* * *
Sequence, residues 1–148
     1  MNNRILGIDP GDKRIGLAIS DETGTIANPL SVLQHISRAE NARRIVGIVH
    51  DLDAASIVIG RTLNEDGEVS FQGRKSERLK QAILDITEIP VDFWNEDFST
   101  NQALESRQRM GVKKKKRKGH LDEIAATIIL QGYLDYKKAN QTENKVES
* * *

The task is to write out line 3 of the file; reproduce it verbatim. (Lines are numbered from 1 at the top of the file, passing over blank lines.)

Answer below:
    51  DLDAASIVIG RTLNEDGEVS FQGRKSERLK QAILDITEIP VDFWNEDFST